Democratic senators, in unusually tough statements about a fellow lawmaker, warned that Goss would be an unacceptable choice because of what they described as his partisanship. Even some Republican senators said the confirmation battle would not be worth it.
Bush nominated him anyway.
Administration officials said the White House calculated that the president could not lose: Democrats would either cave when faced with a fight, or Bush could accuse them of obstructing CIA stability at a time when the nation is under threat of a terrorist attack.
This is the kind of street chess Rove plays: with an untenable position, start pointing out every pretty girl that walks by.
Flynt L. Leverett, who was a senior director on Bush's National Security Council last year and now is informally advising Kerry, said the Goss selection was also a way for Bush to slow-walk a revision of the nation's intelligence machinery. "They could try to get serious about intel reform, which I think they're reluctant to do, or they could try to change the subject, and this is a way of changing the subject," he said.
This kind of thing, which can work in street chess because most chess players are male solitaries, generally fails if the opponent is paying attention. Allen and Pincus:
Democrats promised Goss's confirmation hearings will be marked with examples of his recent partisanship in intelligence matters, positions that contrast with his more bipartisan approach in past years.
On June 1, Goss took part in a Bush-Cheney conference call with reporters to critique Kerry's first national security speech. He described one of Kerry's nonproliferation proposals as "naive," and answered "clearly yes," to a question about whether Bush's policy toward North Korea was producing results. North Korea, he said, is "no longer making the progress they were making at Yongbyon [their key nuclear production site] and other places because we have called their bluff."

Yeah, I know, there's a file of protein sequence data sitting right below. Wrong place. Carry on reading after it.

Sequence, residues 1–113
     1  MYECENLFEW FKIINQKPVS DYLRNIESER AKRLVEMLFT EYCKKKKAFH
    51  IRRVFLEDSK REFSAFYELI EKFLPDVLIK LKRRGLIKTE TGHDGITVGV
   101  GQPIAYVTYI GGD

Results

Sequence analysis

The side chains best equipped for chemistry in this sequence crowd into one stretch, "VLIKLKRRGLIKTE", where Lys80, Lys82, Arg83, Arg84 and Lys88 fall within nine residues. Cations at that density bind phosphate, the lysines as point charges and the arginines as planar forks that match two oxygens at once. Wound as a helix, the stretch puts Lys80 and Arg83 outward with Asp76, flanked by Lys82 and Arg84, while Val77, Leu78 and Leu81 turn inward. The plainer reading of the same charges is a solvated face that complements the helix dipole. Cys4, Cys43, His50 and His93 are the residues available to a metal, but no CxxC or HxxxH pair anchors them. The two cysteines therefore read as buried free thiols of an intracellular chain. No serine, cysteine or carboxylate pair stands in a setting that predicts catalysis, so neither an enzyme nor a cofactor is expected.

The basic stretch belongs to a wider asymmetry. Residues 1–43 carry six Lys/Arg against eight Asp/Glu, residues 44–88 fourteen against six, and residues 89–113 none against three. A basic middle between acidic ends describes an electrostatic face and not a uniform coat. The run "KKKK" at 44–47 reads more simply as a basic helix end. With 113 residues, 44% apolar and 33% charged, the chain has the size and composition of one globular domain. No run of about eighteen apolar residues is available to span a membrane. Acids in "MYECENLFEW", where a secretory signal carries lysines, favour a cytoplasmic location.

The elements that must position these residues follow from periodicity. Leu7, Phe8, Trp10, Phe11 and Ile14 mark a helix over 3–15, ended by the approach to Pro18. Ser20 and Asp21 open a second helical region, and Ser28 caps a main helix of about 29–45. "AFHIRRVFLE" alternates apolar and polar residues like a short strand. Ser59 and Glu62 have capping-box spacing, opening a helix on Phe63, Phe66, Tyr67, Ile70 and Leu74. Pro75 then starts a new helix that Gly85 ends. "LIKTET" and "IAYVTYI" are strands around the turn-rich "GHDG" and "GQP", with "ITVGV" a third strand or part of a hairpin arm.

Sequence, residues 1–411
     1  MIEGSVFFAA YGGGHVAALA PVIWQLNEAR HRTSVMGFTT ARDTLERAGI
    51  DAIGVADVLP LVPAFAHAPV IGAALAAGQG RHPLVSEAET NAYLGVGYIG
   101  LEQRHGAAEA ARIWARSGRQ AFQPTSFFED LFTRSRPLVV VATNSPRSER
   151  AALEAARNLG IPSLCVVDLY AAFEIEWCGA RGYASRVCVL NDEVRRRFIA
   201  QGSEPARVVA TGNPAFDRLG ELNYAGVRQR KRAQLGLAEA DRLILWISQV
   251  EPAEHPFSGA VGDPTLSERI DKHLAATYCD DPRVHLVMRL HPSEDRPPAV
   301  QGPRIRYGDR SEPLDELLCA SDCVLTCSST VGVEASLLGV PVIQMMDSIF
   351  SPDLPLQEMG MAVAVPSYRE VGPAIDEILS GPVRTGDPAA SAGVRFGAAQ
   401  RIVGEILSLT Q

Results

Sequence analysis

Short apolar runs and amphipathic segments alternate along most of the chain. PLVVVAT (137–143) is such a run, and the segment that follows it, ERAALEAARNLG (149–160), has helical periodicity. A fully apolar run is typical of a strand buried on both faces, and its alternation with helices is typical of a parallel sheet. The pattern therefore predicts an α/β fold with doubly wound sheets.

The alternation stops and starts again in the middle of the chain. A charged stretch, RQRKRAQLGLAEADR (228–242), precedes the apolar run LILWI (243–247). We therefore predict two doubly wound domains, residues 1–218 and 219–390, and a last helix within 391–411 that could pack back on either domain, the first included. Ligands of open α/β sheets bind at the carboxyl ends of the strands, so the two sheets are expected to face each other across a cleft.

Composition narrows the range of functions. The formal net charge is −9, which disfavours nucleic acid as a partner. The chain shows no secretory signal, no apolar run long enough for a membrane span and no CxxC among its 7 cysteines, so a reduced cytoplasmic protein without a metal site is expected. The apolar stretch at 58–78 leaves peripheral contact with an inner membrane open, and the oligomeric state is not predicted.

In fact, since the Bush administration confronted the Pyongyang government, North Korea has thrown out inspectors, removed nuclear fuel from internationally monitored storage, and may have increased the size of its nuclear arsenal, according to U.S. intelligence.
Do I have an explanation for this behavior? Not exactly. It's always hard to tell why your opponent adopts a losing strategy.
But my guess is that Rove is looking at some worrisome items:
Imagine yourself in Rove's position.
Your trump card has been terrorism, but you've played it so many times that even the supine US press now questions you. Your man is about to receive the formal nomination against the backdrop of a thousand dead Americans. Everyone knows you lied about the WMD. The 9/11 commission explicitly denied your purported connection between Iraq and al Qaeda. Of the three governments that backed you, those in Spain and Poland are gone, and in Britain there are Labour Party members calling for Prime Minister Blair to be replaced as the party leader.
You're behind in the state you cheated to win last time, and although you still control the levers of power in the state, you look poised to lose its twenty-seven electoral votes and the White House with them, at which point there's a non-zero chance that some of your colleagues will be prosecuted for war crimes based on the torture memos.
You need to distract people. How about the classic “let's you and him fight”? Democrats usually fall for that one. You need a boost in Florida. How about nominating one of its Congressional representatives to be CIA director?
Adm. Stansfield Turner, director of CIA under President Carter, called this
...the worst appointment that's ever been made to the office of Director of Central Intelligence because that's an office that needs to be kept above partisan politics.
...that yesterday he [President Bush] announced the nomination of Goss, a Floridian, at the White House and immediately flew to Florida to campaign.
This is desperation.
Last year a student in one of my chess classes took advantage of my attention being elsewhere to add a bishop to his position. Unfortunately he placed it on a8, and he had a pawn on b7. Sometimes even cheating isn't enough. (No, I didn't call him on it, but I beat him anyway, which is not surprising given that he was in the second grade.)